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Don Jacks

Don Jacks (second right) offers up a high five to one of the Youth1st participants at Camp Brereton.

U of M alumnus building community through lacrosse

July 13, 2018 — 

Upon graduating from the University of Manitoba, Don Jacks [B.F.A., Hons/06] worked as a student recruiter for two years, but his passion has always been playing lacrosse. Now, he’s recruiting young Indigenous athletes to the sport through Youth1st Lacrosse

Jacks has been playing lacrosse for 25 years, representing Canada on the national level on numerous occasions. He also served as the executive director for the Manitoba Lacrosse Association from 2010 to 2016. 

During his time with the association, Jacks began working with the Dakota Ojibway Police Service, delivering lacrosse workshops for six different Indigenous communities.

While offering these lessons, he saw a need for better-designed recreational programming in Manitoba’s Indigenous communities. 

“[The Dakota Ojibway Police Service] has a cadet program and they run recreational activities, and I started working with them that way,” Jacks says. “I started making a lot of contacts through the communities, and I got to the point where I said, OK, I can go out there and just start teaching lacrosse on my own.”

Through his demonstrations, Jacks has been able to use the creativity he fostered while obtaining his Bachelor of Fine Arts degree. 

“There’s definitely something about creativity and putting [these workshops] all together,” he says. “I’ve been noticing a correlation between trusting my instincts and just kind of going with the flow and the process and seeing where it goes.”

For Jacks, lacrosse is more than just a sport. 

“I think lacrosse is such a strong tool. It’s much more than a game. It’s the medicine game and it’s the Creator’s game,” he says. 

“It was believed that [lacrosse] was a gift from the Creator given to the people, so we play for the Creator. Also known as the medicine game, it’s believed that it can heal those who are sick in the community, whether it’s spectators coming to cheer on players or the players themselves.”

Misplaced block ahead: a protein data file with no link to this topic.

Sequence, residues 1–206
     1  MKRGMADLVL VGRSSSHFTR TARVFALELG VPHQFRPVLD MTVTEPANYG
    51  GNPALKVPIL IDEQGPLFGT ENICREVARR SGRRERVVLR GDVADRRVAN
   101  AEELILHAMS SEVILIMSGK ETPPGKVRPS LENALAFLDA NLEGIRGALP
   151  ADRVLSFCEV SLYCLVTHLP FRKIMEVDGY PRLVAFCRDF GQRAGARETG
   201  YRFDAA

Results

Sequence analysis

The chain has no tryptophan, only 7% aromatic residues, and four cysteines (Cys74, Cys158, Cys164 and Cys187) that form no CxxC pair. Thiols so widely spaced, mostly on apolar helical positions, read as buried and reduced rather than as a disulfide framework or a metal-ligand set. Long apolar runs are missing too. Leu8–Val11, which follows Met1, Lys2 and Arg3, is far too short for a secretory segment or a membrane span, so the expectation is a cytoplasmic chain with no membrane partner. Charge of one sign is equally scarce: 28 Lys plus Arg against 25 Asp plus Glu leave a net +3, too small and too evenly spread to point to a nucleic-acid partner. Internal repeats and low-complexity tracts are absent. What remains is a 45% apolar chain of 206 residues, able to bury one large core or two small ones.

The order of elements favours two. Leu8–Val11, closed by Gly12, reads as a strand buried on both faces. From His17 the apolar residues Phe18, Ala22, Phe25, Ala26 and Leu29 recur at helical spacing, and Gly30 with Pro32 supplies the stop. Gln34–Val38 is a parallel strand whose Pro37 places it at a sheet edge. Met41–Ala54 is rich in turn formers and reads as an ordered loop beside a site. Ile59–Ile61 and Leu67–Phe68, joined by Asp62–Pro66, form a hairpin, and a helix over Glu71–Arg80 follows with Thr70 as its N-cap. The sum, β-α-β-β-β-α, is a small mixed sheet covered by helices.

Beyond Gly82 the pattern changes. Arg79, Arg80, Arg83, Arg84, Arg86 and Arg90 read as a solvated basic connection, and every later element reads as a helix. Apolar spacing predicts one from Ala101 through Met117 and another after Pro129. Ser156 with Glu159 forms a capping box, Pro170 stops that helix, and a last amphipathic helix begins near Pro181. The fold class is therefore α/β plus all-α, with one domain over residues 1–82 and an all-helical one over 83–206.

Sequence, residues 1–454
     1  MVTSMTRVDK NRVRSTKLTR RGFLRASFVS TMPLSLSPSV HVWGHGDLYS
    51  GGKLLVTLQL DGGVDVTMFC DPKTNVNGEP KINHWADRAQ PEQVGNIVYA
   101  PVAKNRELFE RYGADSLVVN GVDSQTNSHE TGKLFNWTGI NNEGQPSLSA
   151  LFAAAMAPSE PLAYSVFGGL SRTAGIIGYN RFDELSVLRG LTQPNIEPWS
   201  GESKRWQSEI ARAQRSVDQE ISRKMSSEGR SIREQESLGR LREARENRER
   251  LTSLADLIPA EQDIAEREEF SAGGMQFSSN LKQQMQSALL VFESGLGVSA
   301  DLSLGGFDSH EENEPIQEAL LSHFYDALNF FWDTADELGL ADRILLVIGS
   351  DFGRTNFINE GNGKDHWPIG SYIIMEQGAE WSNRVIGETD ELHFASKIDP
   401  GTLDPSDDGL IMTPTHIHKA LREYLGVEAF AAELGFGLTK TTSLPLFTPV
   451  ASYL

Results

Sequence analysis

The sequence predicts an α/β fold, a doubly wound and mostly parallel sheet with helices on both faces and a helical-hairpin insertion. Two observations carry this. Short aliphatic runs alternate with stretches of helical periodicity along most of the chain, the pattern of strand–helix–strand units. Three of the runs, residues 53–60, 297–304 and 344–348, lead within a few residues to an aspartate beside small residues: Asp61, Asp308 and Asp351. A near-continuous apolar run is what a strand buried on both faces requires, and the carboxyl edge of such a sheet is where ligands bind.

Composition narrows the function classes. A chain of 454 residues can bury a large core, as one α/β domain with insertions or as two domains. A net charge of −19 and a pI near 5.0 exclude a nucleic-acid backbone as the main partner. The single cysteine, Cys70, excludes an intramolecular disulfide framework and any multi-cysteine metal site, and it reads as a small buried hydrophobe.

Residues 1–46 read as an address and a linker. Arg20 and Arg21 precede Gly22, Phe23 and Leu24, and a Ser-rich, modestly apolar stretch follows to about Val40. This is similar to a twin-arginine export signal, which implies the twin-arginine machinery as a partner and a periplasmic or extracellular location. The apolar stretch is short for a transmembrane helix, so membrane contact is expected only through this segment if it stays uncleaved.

The University of Manitoba’s goals align with Jacks’ lessons.

‘Creating Pathways to Indigenous Achievement’ is a priority in Taking Our Place: University of Manitoba Strategic Plan: 2015-2020. Under that priority is a goal to ‘foster a greater understanding of Indigenous knowledge, cultures and traditions among students, faculty and staff.’

“Lacrosse was not a game; it was a spiritual ceremony that brought community together. That was the purpose of it and I think it still is about that, and sport in general,” says Dr. Lynn Lavallée, Vice-Provost (Indigenous Engagement) at the U of M. 

“If you look at the North American Indigenous Games, youth from all over come together and celebrate. It’s kind of like our Pow Wow. I think having that within the institution and the office of Indigenous Engagement, that’s what we’re about. We’re about reaching out and coming together.”

Jacks always starts his workshops by teaching the history of lacrosse, as well as the basic fundamentals of the sport. 

“I’ll ask the youth, ‘Do you know who invented this game and where the origins started from?’ and nobody knows about it. They’re always surprised that it is an Indigenous game, and once they understand the five basic principles of the sport, they’re up and running,” he says.

Recently, Jacks hosted the inaugural Canada Day LAX Bash at The Forks. More than 200 Indigenous youth from across Manitoba took part. The day concluded with the first-ever game between the First Nations communities of Roseau River and Long Plain, both of whom are actively involved in Youth1st programming. 

Jacks’ long-term vision for Youth1st is to create a facility dedicated specifically to lacrosse. 

“There’s not too many places to play lacrosse, so that’s our hope long-term, that we can be able to provide lacrosse opportunities throughout the year,” he says. “The biggest thing is to understand what our vision is, which is to build lacrosse in Manitoba, as well as see it flourish in the Indigenous communities.” 

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